The difference between these two movies is how story is intertwined with the main gimmick.
Now You See Me 2 is almost a direct continuation of the first movie. The Four Horseman have been waiting for an assignment from the Eye, but haven’t yet had the opportunity to act. When they finally are given the task of revealing the CEO of Octa corporation for selling user data, they are exposed by a shadowy figure that seems to know absolutely everything about them.
One thing leads to another and the Horseman are whisked off to Shanghai.
There, a mysterious antagonist (played by Daniel Radcliffe) greets them and presses them into service. They either steal a super special computer chip for him – one that can give him access to nearly any computer system – or die.
To a degree, I found the overarching story of NYSM2 to be generally similar to Watch Dogs 2 – a small cast of main characters is tasked with standing up to an antagonist that wants to control everything (specifically personal data, markets, etc.) and is very much in danger of getting to that point.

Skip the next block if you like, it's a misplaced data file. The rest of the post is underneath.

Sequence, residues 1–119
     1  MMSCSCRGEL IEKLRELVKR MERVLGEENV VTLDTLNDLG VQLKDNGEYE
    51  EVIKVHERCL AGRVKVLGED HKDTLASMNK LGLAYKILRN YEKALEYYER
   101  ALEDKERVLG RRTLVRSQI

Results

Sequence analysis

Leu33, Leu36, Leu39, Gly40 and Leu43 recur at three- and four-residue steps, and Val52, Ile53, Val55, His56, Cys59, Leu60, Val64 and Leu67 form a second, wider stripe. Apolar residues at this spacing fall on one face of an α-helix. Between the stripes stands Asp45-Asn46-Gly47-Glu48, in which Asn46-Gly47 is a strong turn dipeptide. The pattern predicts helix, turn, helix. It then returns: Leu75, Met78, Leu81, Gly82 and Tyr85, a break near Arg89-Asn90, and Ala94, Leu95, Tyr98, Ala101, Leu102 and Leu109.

The story presented in Now You See Me 2, however, is far more compelling because it focuses so much on the characters. It makes the events of the movie extremely personal to every single character there. The Horseman wind up agreeing to steal the chip because of their need for vindication. And later, they continue to work together because they realize they can’t function as separate entities (not to the same degree, anyway). The main antagonist is acting because the Horseman victimized his father (Micheal Caine) in the first movie. Mark Rufallo’s character turns to Morgan Freeman because an enemy is the only one with the information he needs to get to the people he cares about.
There are a lot of threads spinning all at once in the movie, but all are important to the overarching story. Unfortunately, Watch Dogs 2 doesn’t have the same kind of focus that’s all too apparent in Now You See Me 2. And that’s really a shame, because the story that Watch Dogs 2 is trying to tell has such great potential, but often winds up being too ham-fisted for its own good.
So, if you’re looking for a decent story about control of information, Now You See Me 2 is the better choice.
The San Francisco Treat
Ubisoft picked a perfect place to set the newest game in the series.